BEIJING — Foreign direct investment (FDI) in China will likely sustain steady growth this year, the Ministry of Commerce (MOC) said on April 19, highlighting robust inflow in western regions and acquisitions.
“It [annual FDI] may not increase very fast but will maintain the growth momentum seen last year and in the first quarter [Q1] of this year,” MOC spokesman Shen Danyang told reporters.
FDI in western regions posted strong growth in Q1, outpacing the national total with a 42.5 percent jump year on year to reach 21.3 billion yuan (3.3 billion US dollars), he said.
Great potential in the service industry and a relatively low base of comparison contributed to the surge in western regions, Shen explained.
FDI to the Chinese mainland rose 4.5 percent year on year to 224.2 billion yuan in Q1, slowing from 6.4 percent in 2015. But year-on-year growth in March was higher at 7.8 percent, official data showed.
Shen said mergers and acquisitions (M&As) were more active, playing an increasing role in FDI growth.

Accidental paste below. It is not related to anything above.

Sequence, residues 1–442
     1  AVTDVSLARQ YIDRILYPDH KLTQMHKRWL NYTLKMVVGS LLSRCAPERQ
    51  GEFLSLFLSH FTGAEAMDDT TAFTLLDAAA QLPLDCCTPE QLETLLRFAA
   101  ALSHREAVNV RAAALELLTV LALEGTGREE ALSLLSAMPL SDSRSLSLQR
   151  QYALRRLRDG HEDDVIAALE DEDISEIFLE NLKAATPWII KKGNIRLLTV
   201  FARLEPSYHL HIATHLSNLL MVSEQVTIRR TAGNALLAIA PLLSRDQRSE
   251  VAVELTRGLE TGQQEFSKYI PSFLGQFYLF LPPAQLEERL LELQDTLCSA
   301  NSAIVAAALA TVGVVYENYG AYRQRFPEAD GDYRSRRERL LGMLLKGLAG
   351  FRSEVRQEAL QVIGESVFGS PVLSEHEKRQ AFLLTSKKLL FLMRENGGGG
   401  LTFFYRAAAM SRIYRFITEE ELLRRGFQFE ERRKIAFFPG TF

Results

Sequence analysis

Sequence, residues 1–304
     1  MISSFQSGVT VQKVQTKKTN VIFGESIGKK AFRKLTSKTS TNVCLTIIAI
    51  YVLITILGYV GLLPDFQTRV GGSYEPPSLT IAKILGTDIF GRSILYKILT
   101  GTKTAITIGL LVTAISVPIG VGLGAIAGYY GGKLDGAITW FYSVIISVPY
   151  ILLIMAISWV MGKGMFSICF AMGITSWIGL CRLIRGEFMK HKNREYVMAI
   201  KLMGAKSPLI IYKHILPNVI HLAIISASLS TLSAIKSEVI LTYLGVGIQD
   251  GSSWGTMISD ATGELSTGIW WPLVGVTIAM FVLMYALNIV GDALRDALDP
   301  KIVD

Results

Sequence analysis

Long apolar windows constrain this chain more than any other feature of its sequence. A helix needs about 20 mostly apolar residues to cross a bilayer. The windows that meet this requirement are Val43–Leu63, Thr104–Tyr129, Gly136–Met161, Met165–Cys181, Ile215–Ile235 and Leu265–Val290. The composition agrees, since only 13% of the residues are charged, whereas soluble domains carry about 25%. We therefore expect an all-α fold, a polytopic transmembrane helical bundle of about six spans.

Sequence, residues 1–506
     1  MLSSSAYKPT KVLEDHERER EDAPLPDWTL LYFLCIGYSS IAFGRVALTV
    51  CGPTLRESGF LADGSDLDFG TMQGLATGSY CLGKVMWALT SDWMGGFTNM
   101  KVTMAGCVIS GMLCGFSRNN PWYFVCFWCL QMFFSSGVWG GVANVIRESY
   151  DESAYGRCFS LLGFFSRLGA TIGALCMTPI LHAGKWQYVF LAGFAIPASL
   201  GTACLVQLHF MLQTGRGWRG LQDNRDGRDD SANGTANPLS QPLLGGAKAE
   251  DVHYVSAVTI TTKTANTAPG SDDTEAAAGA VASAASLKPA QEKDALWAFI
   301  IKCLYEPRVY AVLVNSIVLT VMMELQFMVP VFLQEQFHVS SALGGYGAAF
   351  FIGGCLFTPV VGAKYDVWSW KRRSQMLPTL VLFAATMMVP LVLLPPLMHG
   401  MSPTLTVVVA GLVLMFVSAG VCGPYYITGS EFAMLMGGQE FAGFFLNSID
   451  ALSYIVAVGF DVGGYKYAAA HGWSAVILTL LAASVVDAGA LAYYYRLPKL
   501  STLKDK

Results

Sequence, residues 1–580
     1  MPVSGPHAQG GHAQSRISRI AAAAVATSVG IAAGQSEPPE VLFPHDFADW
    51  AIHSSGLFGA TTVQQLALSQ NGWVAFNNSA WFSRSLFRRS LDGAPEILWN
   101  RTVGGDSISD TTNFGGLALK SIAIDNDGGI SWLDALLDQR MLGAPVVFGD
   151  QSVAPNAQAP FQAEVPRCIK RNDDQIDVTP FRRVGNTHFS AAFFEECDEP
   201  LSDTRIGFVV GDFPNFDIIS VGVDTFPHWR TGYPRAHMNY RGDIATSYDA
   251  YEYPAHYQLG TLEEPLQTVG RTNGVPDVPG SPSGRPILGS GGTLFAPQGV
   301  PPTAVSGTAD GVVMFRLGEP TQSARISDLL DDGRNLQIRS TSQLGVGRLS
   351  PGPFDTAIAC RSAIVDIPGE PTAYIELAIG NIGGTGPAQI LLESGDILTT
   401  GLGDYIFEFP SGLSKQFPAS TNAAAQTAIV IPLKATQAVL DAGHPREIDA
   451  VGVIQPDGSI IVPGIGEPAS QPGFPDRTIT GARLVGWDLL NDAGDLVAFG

Investment inflow in the form of M&As rose 32.6 percent year on year in Q1 to 7.8 billion US dollars. It accounted for 22.7 percent of the overall FDI, up from 17.9 percent a year earlier, according to Shen.
M&As by foreign investors remained active in China, he said, counter to a recent report by accounting firm KPMG, which claimed inbound deals fell last year.
The number of foreign-invested M&A deals rose 14.4 percent to 1,466 in 2015, with realized investment soaring 137 percent to 17.8 billion US dollars, Shen noted.
The Chinese government continues to welcome foreign investment through M&As, he said.